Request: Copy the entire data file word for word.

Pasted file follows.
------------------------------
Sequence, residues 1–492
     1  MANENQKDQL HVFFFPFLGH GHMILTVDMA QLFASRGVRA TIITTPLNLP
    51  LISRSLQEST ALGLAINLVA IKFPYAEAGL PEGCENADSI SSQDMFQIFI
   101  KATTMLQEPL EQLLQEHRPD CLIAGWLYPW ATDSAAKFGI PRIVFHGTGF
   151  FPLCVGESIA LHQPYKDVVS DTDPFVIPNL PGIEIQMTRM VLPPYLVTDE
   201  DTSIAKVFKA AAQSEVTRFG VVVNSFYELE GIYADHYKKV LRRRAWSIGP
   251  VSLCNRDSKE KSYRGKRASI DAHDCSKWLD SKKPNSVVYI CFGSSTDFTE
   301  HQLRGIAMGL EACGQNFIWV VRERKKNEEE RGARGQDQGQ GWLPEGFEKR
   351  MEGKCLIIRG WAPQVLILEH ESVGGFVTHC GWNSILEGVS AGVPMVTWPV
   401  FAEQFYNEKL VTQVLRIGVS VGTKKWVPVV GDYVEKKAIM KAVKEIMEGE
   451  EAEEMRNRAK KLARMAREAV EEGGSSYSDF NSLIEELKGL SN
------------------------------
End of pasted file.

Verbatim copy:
Sequence, residues 1–492
     1  MANENQKDQL HVFFFPFLGH GHMILTVDMA QLFASRGVRA TIITTPLNLP
    51  LISRSLQEST ALGLAINLVA IKFPYAEAGL PEGCENADSI SSQDMFQIFI
   101  KATTMLQEPL EQLLQEHRPD CLIAGWLYPW ATDSAAKFGI PRIVFHGTGF
   151  FPLCVGESIA LHQPYKDVVS DTDPFVIPNL PGIEIQMTRM VLPPYLVTDE
   201  DTSIAKVFKA AAQSEVTRFG VVVNSFYELE GIYADHYKKV LRRRAWSIGP
   251  VSLCNRDSKE KSYRGKRASI DAHDCSKWLD SKKPNSVVYI CFGSSTDFTE
   301  HQLRGIAMGL EACGQNFIWV VRERKKNEEE RGARGQDQGQ GWLPEGFEKR
   351  MEGKCLIIRG WAPQVLILEH ESVGGFVTHC GWNSILEGVS AGVPMVTWPV
   401  FAEQFYNEKL VTQVLRIGVS VGTKKWVPVV GDYVEKKAIM KAVKEIMEGE
   451  EAEEMRNRAK KLARMAREAV EEGGSSYSDF NSLIEELKGL SN